Repairing At-Home Stained Glass Windows


Stained glass windows are a stunning, decorative way to add a little extra something to the look of a building. While it more often appears in churches and religious buildings, it’s also possible to have stained glass windows in your home.

Stained glass was first created in Southwest Asia, before becoming popular in England and Europe in the Medieval period. It took a little longer to reach the United States – the first major producer of stained glass here was J&R Lamb Studios, established in New York City in 1857. American John La Farge patented the opalescent style of stained glass in 1880, and the famous Tiffany style followed. The traditional stained glass saw a resurgence in the early 1900s with Charles J. Connick, who created hundreds of windows right across the country.


The world’s largest stained glass window, 37 feet high and 93 feet wide, is at the United Methodist Church of the Resurrection in Kansas City.

Types of Stained Glass

There are 20 different types of stained glass:

  • Textured
  • Bevels 
  • Jewels 
  • Glass nuggets 
  • Rondels
  • Architectural
  • Cathedral
  • Antique 
  • Semi-antique
  • Fractures and streamers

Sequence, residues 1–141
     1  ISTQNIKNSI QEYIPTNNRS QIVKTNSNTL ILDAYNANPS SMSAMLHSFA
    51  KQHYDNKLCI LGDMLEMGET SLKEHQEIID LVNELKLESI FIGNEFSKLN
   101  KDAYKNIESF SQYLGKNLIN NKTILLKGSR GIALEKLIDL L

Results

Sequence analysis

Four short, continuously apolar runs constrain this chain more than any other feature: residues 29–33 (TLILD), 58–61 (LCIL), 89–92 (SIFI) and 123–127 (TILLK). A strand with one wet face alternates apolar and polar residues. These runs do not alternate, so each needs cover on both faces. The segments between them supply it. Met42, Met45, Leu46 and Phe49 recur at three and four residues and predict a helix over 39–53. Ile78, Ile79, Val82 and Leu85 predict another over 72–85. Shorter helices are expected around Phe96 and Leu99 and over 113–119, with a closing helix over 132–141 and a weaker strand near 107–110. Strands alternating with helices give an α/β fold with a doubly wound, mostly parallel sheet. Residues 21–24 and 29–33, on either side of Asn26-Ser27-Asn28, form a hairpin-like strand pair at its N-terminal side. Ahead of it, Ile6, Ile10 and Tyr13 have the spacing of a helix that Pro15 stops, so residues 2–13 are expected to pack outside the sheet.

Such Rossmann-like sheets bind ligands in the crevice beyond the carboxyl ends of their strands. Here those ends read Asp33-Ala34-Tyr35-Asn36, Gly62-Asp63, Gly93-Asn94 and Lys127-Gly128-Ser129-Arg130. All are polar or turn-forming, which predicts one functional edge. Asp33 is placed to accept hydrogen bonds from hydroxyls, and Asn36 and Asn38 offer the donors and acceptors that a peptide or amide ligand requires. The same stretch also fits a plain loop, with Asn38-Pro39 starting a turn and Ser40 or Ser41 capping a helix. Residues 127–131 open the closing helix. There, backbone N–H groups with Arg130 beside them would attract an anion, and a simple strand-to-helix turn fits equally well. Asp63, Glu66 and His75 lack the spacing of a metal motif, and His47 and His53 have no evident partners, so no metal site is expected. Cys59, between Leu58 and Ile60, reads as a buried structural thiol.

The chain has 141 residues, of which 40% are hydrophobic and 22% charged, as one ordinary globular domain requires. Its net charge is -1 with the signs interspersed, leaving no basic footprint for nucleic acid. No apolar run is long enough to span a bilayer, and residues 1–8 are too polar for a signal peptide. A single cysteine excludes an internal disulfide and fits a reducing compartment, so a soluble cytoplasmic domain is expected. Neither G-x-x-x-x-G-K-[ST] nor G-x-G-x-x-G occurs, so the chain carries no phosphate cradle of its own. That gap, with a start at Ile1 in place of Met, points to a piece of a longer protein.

• Flashed
  • Craquel
  • Glue chip
  • Mirror
  • Iridescent
  • Opalescent
  • Seedy
  • Streaky
  • Ring-mottled
  • Opaque

Repairing your stained glass

If you have stained glass in your home, it’s intricate nature means it may need occasional maintenance. As the window’s putty dries, it can fall out of the lead that keeps the glass in place, causing it to rattle. If your windows rattle, it’s time for repairs.

If you’re not the DIY sort, visit for expert stained glass repairs.

You’ll need lamp black, glazing putty, and linseed oil. You should be able to find everything at your hardware store. You’ll also need a small pick with a sharp point (toothpicks work well), a small bowl, and a stick to stir the mixture.

Remove the old, loose putty from the lead cames and mix your ingredients into a spreadable liquid. It doesn’t matter if the color doesn’t match exactly. Once you’ve cleaned up the window, you won’t really see the putty. 

Apply your putty to the window, making sure to push it down into the lead cames. You can also press down the edges using a small wooden stick to make sure it’s all the way in. This process will cover most of the window surface and look kind of messy, but don’t worry. It’s easy to clean up once you’re finished.

Once the putty mixture is dry, you can clean the glass surface pretty easily, but don’t let it get too dry, or it will be harder to remove. Wipe the putty mixture towards the lead, so you know it’s entirely into the cames, and then let the window dry until it’s hard. You can clean the rest off with steel wool. This has the added advantage of cleaning the window, so your glass will be sparkling as well as stable.